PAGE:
In a study on the facial appearance and personality traits, Kosif et al., reported that, for the girls, there were weak-negative correlation between nose height and extraversion, very weak-positive correlation between nose height and sense of responsibility, weak-positive correlation between upper face length and negative worthiness, very weak-positive correlation between lower face length and openness to innovation, a weak-positive correlation between negative worthiness and distance between the eyes, and a weak-negative correlation between compatibility/adaptability ad distance between the eyes. For the boys, the authors reported that there were strong-negative correlation between negative worthiness and facial width and weak-negative correlation between emotional inconsistency and upper face length. However, the leadership trait was not analyzed.  In the present study, however, no significant relationship was found between the leadership traits of male participants and their anatomic facial measurements, whereas the philtrum length and depth were found to be correlated with leadership trait among the female participants. In their study, Dimberg et al. showed the angry, happy, and neutral face photos to the participants, and the EMG activities of the faces were measured. Finally, the authors determined that both of the negative and positive emotional reactions might be evoked unconsciously.  In that study, the anatomic facial measurements and leadership traits were not analyzed. In their study, Alrajih et al. investigated the facial characteristics of the businessmen and the relationship with perceived authority, reliability, aggressiveness, attractiveness, and success. They determined that the faces of businessmen provided useful information for successfully estimating the perceived authority and success characteristics and these characteristics were closely related with the face width-height ratio. The anatomic measurements performed in the study of Alrajih et al. and in the present study were different.  They involved only the male participants in their study and the leadership trait among the personality traits was not analyzed. In the present study, however, the leadership traits and anatomic facial measurements of participants were analyzed, but no significant result was achieved for the male participants. In their study, Turan et al. analyzed the distance and angle measurements of Turkish young adults by taking face photos from the frontal point of view, and they compared the mean results of women and men. In conclusion, they reported that, when compared to the girls, the boys were found to have a wider and higher face. The lower and upper lip thickness values of the women were found to be higher than those of men.  In the present study, the upper lip thickness, lower face length, and forehead width values were found to be statistically significantly higher among male participants. In this study, in which we investigated the relationship between leadership trait and facial anatomy, we also determined that there were a negative correlation between philtrum depth and human source leadership trait and positive correlations between philtrum length and human source leadership trait and between philtrum length and symbolic leadership trait.
In their study, Lewis et al. investigated the relationship of width-height ratio of all the previous USA presidents and the current president with the motivation of success, authority, decisiveness, peaceful policy, and violence, and they reported that the face width-height ratio might be related to authority and violence, as well as the motivation of success.  In their study, Qin et al. concluded that the personality traits of girls might be more accurately estimated when compared to the boys.  Borkenau et al. showed 3 different face photos to the participants and asked them to rate their personality traits. In conclusion, it was determined that the extrovert persons generally have more vivacious facial expressions.  In these studies, the personality traits were analyzed, but the leadership trait was not examined. Zebrowitz et al. found that, for the men, the ones defined as attractive and honest based on the shape of their faces in the early periods of their lives have personality traits that are in corroboration with those estimations made years before. For the girls, the ones defined as attractive because of the shape of their faces in the early periods of their lives have personality traits that are in harmony with the attractiveness in the course of time.  In the present study, no anatomic measurement was performed on the face.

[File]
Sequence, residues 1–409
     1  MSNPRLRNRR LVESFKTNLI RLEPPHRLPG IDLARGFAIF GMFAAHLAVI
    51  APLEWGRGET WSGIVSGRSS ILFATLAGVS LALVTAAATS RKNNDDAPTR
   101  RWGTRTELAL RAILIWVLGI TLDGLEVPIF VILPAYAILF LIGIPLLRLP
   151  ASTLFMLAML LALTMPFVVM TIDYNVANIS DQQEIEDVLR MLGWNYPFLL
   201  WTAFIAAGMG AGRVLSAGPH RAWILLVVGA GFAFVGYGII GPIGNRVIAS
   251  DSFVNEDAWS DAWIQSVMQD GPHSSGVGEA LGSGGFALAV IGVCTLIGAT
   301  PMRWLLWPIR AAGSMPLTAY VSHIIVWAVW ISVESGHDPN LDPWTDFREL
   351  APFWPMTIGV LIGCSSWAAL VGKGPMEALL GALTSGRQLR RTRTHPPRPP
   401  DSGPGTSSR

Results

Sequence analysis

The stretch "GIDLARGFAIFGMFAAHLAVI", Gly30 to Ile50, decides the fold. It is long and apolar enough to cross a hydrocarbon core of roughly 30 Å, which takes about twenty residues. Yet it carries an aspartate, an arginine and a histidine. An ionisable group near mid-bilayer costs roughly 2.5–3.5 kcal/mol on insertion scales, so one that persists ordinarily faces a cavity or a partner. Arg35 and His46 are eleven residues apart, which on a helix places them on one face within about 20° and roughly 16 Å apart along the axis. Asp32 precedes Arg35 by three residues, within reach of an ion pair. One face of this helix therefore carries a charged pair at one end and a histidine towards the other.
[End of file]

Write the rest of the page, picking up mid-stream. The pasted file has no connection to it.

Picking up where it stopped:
In this study, we examined the relationship between facial anatomy and leadership trait. The participants were asked to take part in a 32-item questionnaire about the leadership trait.
As a result of the statistical analyses, it was determined that there was no significant relationship between leadership traits and facial anatomy among the male participants. Among the female participants, however, there was a positive correlation between upper face length and human source leadership trait. Moreover, it was also determined that, among the girls, there were negative correlation between philtrum depth and human source leadership trait and positive correlations between philtrum length and human source leadership trait and between philtrum length and symbolic leadership trait. Among the girls, the leadership traits were found to be correlated with the anatomic structure of face, even if the correlation was weak.
In the present study, we revealed that the philtrum length and upper face length of girls might provide an insight into the leadership traits. We hope to contribute to the disciplines examining the anatomic characteristics of the face such as anatomy, psychiatry, human resources departments, information technology, forensic medicine, and anthropology.
The authors declare that they have no competing interests.